The urge for targeted nanomaterial synthesis sparked off developments in specialized techniques involving solution or gas phases15,16. Despite this, conventional solid-state methods have remained as the preferred choice for large-scale industrialization. Notwithstanding the limitations and benefits exclusive to the synthesis adopted, several techniques including solid-state, sol-gel, hydrothermal, solvothermal, mechanochemical, electrochemical, and gas-phase microfluidic methods have been successful in furthering the empirical understanding on functional nanomaterials17,18,19,20,21,22,23,24,25,26,27,28. However, a majority of these methods, including the recent microwave29 and combustion30 approaches risk shortcomings of complex procedures, time-consuming separation techniques, detrimental particle growth, economic viability, and commercial feasibility. Further, undesirable outcomes such as sample impurities and/or expensive procedures ultimately make such lab-scale synthesis less attractive. Hence, creative strategies involving versatile, straightforward, efficient, rapid, and timely synthesis from the perspective of simple large-scale industrialization is worth pursuing; though undertaking such an effort is no trivial task. Utilizing the polyol method, which usually involves the reaction of metallic precursors in a polyol-based environment maintained near or at its boiling point, to synthesize highly crystalline nanoparticles could appear very promising provided the lengthy/complicated reaction procedures were eliminated31,32. The polyol-assisted pyro-synthesis introduced here generates functional nanocrystals in open-air conditions under very short reaction times. Since polyol costs are comparable or lower than that of the commonly used solvents for wet chemical synthesis, the present work may provide orientation towards visualizing cost-effective and simple strategies of nanomaterial production beyond laboratory-scale limitations.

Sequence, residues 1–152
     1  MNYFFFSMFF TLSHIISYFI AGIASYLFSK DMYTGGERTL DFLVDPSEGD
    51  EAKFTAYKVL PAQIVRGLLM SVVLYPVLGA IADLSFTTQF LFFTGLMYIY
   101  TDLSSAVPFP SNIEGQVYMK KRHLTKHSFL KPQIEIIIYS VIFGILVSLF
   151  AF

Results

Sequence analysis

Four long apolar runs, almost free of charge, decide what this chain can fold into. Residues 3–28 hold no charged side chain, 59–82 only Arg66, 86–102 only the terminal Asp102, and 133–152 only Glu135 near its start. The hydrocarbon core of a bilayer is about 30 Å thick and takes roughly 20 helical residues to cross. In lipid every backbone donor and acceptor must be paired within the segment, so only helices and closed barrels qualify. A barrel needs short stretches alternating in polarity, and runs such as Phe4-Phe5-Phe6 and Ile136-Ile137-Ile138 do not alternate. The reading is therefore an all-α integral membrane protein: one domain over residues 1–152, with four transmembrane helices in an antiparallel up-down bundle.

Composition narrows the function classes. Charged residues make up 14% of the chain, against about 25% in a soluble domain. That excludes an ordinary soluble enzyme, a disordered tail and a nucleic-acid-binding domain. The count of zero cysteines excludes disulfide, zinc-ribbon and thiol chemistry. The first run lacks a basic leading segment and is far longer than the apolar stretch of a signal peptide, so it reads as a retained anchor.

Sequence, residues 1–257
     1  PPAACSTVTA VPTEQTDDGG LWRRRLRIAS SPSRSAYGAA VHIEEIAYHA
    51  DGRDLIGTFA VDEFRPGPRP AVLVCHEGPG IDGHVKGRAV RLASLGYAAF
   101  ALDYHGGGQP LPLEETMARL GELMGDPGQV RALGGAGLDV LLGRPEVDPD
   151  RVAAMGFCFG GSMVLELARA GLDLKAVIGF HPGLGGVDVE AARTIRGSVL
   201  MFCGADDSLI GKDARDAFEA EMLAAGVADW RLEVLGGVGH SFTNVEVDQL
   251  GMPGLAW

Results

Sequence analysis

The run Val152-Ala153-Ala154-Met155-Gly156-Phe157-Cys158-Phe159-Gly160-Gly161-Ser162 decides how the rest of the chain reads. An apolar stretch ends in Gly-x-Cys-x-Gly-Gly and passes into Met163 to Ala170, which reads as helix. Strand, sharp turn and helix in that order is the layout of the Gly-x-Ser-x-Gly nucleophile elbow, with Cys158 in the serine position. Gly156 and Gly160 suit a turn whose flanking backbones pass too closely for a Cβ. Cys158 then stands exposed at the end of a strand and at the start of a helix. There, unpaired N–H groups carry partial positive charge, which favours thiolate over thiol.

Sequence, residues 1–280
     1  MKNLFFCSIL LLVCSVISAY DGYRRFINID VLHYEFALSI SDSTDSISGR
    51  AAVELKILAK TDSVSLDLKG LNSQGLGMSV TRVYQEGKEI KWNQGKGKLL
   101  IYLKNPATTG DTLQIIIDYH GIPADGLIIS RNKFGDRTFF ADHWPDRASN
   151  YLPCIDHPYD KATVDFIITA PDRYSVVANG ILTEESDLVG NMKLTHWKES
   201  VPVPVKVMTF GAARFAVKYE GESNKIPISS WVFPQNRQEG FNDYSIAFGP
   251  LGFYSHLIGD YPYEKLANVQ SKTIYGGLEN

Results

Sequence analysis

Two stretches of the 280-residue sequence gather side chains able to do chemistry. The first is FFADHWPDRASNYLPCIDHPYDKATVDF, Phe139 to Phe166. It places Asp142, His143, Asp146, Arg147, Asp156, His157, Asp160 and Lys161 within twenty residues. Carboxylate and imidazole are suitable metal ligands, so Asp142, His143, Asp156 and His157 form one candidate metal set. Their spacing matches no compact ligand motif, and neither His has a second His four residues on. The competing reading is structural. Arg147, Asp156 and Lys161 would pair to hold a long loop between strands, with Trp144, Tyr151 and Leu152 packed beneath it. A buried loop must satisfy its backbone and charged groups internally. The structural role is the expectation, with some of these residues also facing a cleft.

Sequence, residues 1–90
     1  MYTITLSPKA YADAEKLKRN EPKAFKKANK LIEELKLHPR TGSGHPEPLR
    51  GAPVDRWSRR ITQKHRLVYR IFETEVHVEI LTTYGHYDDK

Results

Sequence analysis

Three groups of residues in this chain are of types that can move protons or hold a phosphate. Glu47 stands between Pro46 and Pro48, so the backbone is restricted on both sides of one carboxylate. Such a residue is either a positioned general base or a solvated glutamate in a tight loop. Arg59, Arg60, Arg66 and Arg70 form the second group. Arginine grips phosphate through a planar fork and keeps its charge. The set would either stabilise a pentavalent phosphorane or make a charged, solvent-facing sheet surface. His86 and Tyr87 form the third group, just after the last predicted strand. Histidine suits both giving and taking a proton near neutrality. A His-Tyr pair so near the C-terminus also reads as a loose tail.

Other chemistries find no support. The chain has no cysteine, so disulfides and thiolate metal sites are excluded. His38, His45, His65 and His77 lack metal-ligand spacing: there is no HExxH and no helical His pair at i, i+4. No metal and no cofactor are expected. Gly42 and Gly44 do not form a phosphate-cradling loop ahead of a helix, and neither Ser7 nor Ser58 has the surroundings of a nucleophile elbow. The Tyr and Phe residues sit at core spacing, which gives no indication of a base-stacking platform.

The pyro-synthesis introduced herein presents a straightforward approach combining three strategies; first, to exploit the feasibility of utilizing a polyol-medium to produce highly crystalline nanoparticles; second, to ensure sustained combustion by using a highly combustible and low-cost fuel; and third, to minimize heat dissipation by maintaining the polyol-fuel solution at or near the fuel combustion temperature prior to combustion. As shown in Fig. 1, the polyol-assisted rapid pyro-synthesis procedure consists of two simple stages. The initial stage involves the preparation of a precursor solution by dissolving the metal salts (Mn+) in a polyol (polyhydric/unsaturated aliphatic/alicyclic) medium. In the second stage, the flammable precursor solution is ignited with a torch that results in a rapid precipitation of highly crystalline nanoparticles. The polyol here acts as a primary fuel to induce a flame which can instantly provide ultrahigh thermal energy to surroundings. While the polyol undergoes fast combustion (exothermic), the precursors thermochemically decompose (endothermic) and nucleate under oxygen-limited atmosphere by useful consumption of the thermal energy released during the exothermic reaction. The entire process occurs dynamically within a few seconds. The high energy generated and short reaction time facilitate rapid nucleation and suppress grain growth, which can in turn lead to the formation of highly crystalline ultrafine particles.